“A surge of people went back for the Celtic Tiger and others moved out into the country. What’s left behind is the older generation, the people who didn’t move out and who didn’t go back home.”

Cricklewood was always represented by venues like the Crown and the Galtymore, the latter growing to symbolise the Irish community and sometimes, define it.

Up the road and around the corner, the old dance hall is just a building site now, a byword for nostalgia and happy memories. Time just caught up, and the ticking clock continues the change.

“You can’t discount history,” says Maher. “Places change and communities change. The Irish community is diluted. Today, you see some of the Irish pubs with information on posters written in Polish. If you go to Mass, you see an enormous change in the congregation, all kinds of races, black and Filipino, when before it would have been 80 per cent Irish.

“There is a well-connected community in Cricklewood, and plenty of first and second generation Irish people living locally so I think Cricklewood will live on as a location for Irish people but there are many who feel they are losing everything that was once theirs.

“In a way, there are two distinct Irish communities in London now, an aging one with health needs and a young one with social and economic needs.”

Friday night in Clapham…

Friday night in Clapham; the streets are busy, trade is brisk and many of the clientele in the bars are Irish.

Up the road from the high street and across from the Common, The Alexandra Hotel, once run by the Mulpeter family from Kildare, remains a landmark Irish pub, busy tonight with the latest wave of emigration.

Clapham is the new Cricklewood…Kilburn, Camden, Harrow, Hammersmith; name-check whichever city settlement you like, this area of South London is fast becoming the default resting place for a new generation of emigrants; a generation that is both educated and informed and one that finds itself in the city as much by choice as by necessity.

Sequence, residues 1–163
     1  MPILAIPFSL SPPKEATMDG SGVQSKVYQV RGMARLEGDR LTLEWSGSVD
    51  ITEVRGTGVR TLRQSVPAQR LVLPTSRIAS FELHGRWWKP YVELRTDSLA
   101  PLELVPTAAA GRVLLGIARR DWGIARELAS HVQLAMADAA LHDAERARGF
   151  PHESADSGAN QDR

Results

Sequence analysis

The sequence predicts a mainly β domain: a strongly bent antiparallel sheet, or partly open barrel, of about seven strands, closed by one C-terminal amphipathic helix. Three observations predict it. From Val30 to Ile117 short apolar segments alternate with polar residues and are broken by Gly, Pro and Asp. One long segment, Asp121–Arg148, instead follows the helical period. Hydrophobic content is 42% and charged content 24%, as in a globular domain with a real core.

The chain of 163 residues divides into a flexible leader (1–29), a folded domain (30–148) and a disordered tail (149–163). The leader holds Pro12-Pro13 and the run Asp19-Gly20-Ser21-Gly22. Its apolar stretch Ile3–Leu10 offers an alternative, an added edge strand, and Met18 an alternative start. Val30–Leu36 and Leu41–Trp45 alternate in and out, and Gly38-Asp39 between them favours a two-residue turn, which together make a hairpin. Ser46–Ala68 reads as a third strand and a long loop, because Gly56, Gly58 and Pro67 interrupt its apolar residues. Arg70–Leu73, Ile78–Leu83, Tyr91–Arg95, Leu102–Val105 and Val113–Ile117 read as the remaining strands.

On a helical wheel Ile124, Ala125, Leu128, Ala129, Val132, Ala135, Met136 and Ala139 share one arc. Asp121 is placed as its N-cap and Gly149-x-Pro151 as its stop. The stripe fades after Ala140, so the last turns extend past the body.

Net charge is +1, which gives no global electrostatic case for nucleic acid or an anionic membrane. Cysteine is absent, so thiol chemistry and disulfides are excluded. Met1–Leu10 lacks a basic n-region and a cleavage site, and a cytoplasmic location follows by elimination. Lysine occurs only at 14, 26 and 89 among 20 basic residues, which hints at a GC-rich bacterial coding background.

For many new Irish arrivals, London is a place of opportunity and optimism. Its forms are both professional and social. Clapham along with its adjoining SW postcodes is fast becoming the entry point for many new beginnings and a place more are starting to call home.

The tentacles which stream out from the Junction are not just railway lines and they stretch from Tooting to Stockwell, to Wandsworth and Putney.

This is an area which spawned this year’s London senior football championship winning football team – Fulham Irish – and is sprouting soccer teams with names like Wandsworth Celtic.

If Cricklewood had the Galtymore, then Clapham’s Irish community are adopting Infernos and further down the road, the Swan. They may pale in comparison, but both are growing centres of Irish sociability.

Significantly though, Clapham fits professionally. It’s situated in a location that provides excellent access to the City; is a handy spin to Gatwick for the flight home; charges reasonable rent and its growing reputation among those who are moving there, is the fashionable side of trendy.

This area of South West is diverse however, like many traditional Irish areas in London always have been.

Notting Hill was once home to both the Irish and Afro-Caribbean communities and the Cricklewood of today is a mix of Irish, Eastern European and African peoples…however, the Irish in Clapham are increasing rather than decreasing in number.

This is an abridged version of an article first published in The Irish Post in 2012 – you can read the original here.

What’s been your experience of moving to Britain? Share your story below or email editor@irishpost.co.uk

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Robert Mulhern
ABOUT 

Robert is a freelance news and sports journalist. He is also the author of A Very Different County and creator/producer of Sex, Flights and Videotapes for RTE's Doc on One. Follow him @MulhernRobert on Twitter